Historical Timeline

1805 - Treaty negotiated

Lieutenant Zebulon Pike negotiated a treaty with the Dakota tribe, granting the U.S. government 100,000 acres at the confluence of the Mississippi and St. Peters (Minnesota) Rivers.

1819 - The first fort is constructed

The first commander, Lieutenant Colonel Henry Leavenworth, chose the low ground on the right (south) bank of the mouth of the St. Peters River as the site for a temporary quarters.

1819 - Camp Coldwater

Fearing spring floods and more disease, Lt. Colonel Leavenworth moved his troops to high ground near a spring a mile up the west bank of the Mississippi River - this became Camp Coldwater. During the summer, Colonel Josiah Snelling became the new commander of the regiment. Under his energetic directrion, a new stone fort was constructed atop the bluff on the west bank of the confluence of the St. Peters and Mississippi Rivers.

1821 - Fort St. Anthony

The new post is given the name Fort St. Anthony

1825 - Fort Snelling is completed

Construction of the new post is completed.

1826 - Post renamed Fort Snelling

In recognition of his considerable achievement, the War Department officially changed the name of the site to Fort Snelling.

1828 - Zachary Taylor commander

Zachary Taylor commands the fort. Lt. Colonel Taylor later becomes the 12th president of the United States. One of Taylor's daughters elopes with Lieutenant Jefferson Davis, reportedly marrying him in the fort's block house. Jefferson Davis later becomes president of the Confederacy.

1836-1839 - Dred Scott lives at Fort Snelling

Dred Scott lives at Fort Snelling as a slave of Dr. Emerson. Mr. Scott later sues for his freedom in Scott vs. Sandford, carrying the case to the Supreme Court in 1857. The case helped widen the rift between North and South, leading to the Civil War in 1861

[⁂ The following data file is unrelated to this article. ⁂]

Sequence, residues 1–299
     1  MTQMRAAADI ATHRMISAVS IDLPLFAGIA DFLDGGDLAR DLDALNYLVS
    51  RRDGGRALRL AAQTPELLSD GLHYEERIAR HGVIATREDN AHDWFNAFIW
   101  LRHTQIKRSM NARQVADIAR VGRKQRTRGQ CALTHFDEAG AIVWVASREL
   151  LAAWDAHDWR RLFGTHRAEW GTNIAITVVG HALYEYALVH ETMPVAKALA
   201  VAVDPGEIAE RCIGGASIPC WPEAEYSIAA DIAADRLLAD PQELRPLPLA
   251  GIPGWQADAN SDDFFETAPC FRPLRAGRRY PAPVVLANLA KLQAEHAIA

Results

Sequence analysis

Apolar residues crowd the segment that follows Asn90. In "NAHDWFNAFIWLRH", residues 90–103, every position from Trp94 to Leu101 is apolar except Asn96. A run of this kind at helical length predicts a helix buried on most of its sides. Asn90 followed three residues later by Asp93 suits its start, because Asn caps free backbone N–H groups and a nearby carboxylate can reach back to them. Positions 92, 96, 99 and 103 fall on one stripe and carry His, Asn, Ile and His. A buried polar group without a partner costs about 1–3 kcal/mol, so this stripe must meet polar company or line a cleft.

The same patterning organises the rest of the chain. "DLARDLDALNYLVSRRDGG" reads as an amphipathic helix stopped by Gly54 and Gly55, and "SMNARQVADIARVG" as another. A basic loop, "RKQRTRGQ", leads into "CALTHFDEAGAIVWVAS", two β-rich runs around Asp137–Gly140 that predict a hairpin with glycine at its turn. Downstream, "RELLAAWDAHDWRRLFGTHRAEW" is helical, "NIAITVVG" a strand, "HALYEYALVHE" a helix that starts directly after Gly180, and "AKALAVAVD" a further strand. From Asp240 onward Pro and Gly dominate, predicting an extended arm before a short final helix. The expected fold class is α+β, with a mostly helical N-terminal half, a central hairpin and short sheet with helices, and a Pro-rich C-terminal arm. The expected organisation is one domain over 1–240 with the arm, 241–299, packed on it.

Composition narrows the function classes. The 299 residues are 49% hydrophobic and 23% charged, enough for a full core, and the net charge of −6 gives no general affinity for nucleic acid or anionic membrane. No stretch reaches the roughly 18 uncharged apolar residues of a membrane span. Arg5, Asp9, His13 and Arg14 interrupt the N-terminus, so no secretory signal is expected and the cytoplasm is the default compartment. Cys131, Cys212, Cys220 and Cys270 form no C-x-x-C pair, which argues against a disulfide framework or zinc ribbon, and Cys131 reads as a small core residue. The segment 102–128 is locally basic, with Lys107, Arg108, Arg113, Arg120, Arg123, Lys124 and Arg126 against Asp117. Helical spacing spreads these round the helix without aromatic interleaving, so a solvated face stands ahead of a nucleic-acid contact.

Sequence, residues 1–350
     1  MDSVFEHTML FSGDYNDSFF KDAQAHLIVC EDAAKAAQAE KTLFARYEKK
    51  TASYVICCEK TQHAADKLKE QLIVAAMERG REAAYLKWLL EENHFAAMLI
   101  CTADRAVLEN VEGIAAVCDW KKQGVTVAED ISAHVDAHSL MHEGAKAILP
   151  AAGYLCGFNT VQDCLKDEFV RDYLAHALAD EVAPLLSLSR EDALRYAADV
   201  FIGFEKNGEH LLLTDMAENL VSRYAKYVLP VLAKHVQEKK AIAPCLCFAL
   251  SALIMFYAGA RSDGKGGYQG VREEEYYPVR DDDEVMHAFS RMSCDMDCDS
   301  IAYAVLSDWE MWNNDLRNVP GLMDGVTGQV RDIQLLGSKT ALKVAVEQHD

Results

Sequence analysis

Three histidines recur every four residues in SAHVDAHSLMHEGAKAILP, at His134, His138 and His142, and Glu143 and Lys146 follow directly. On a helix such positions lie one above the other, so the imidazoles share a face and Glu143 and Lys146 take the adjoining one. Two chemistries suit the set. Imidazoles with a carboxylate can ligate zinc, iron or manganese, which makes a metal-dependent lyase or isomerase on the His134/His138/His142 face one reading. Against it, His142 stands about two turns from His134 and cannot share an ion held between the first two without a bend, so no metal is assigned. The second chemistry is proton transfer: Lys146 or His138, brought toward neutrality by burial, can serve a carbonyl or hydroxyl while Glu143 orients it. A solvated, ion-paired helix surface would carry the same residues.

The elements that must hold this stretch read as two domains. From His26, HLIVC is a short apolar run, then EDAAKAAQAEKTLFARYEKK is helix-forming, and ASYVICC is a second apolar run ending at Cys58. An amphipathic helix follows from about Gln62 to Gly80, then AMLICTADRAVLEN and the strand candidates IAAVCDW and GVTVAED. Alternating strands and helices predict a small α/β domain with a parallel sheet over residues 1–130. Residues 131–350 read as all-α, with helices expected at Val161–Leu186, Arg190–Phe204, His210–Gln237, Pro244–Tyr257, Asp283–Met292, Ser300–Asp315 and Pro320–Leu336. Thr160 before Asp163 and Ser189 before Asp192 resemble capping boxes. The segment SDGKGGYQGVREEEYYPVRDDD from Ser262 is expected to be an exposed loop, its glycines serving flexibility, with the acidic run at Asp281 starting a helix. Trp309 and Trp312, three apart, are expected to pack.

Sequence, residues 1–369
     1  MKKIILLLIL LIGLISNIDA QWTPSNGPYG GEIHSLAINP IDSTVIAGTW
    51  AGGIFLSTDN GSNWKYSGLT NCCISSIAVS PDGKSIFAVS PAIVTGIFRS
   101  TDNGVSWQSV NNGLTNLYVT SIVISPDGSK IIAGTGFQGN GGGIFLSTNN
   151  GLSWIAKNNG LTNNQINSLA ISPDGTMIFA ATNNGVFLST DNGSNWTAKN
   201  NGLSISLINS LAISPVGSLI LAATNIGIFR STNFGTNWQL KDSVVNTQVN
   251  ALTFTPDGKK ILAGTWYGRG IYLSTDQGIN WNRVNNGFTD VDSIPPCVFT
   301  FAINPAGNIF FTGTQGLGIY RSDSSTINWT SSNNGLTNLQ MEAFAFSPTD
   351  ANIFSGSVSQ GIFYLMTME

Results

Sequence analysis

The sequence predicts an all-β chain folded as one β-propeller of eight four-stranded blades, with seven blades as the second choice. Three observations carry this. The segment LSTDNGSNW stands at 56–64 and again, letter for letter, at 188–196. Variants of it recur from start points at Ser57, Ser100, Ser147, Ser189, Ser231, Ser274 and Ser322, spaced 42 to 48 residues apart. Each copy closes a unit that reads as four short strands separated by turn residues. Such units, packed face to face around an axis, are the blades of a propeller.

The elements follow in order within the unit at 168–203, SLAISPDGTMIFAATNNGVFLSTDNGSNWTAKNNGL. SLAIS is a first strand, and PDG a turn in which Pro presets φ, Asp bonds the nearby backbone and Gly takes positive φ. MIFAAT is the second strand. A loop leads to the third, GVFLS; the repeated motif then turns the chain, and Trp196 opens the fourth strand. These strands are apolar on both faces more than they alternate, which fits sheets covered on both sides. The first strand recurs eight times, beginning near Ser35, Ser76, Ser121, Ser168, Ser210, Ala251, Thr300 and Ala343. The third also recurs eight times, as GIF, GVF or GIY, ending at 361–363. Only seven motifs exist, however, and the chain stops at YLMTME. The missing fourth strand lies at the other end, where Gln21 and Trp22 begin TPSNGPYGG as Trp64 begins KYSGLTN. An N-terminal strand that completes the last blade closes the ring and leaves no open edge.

1849 - Minnesota becomes a territory

Fort Snelling's importance wanes as the frontier moves farther west.

1857 - Fort Snelling is sold to Franklin Steele

Under dubious circumstances, Fort Snelling is sold to St. Paul businessman Franklin Steele for $90,000, only a third of which was ever paid. Steele plans to build a city on the site and draws up plans for the layout. His dreams never materialize and the fort is used primarily to house sheep.

1861-1864 - Fort Snelling is taken over by the Army

The outbreak of the Civil War and the U.S.-Dakota Conflict prompted the reactivation of the fort. Several hundred Dakota die on Pike Island below the fort when approximately 1600 elderly people, women, and children are incarcerated there in the winter of 1862 ? 1863.

1871 - Fort Snelling formally transferred to the government

1879-1884 - New construction

Many new buildings a constructed on the post, including the first barracks with indoor plumbing and central heating. The iconic headquarters is built at this time as well as ma ny of the houses on officers' row.

1891 - More growth

The post bakery, prison, and additional officers' houses are built.

1898 - Spanish/American War

Soldiers muster in at the fort for the Spanish/American War. The post hospital is built.

1903-1904 - Another building program

Another burst of building on the post, including the bachelor officers' quarters, fire station, and band quarters.

1917 - WWI

The United States enters WWI. Fort Snelling is used to muster in new recruits and as a training center for officers. The post reaches its largest size at this time, with over 400 buildings. The airport also gets its start as a single grass strip in the center of a race track.

1918-1938 - Country club of the Army